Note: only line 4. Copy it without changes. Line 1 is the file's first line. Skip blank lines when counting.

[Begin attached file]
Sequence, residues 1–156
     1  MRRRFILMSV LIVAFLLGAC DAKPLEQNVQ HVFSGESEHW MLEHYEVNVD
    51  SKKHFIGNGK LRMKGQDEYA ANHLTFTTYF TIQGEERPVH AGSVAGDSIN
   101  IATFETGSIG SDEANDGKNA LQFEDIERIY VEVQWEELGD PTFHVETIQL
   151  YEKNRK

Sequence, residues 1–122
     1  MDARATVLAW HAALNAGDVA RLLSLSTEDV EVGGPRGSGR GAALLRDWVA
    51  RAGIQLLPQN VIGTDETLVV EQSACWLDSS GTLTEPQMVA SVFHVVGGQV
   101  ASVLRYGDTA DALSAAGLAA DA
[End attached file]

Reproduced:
   101  IATFETGSIG SDEANDGKNA LQFEDIERIY VEVQWEELGD PTFHVETIQL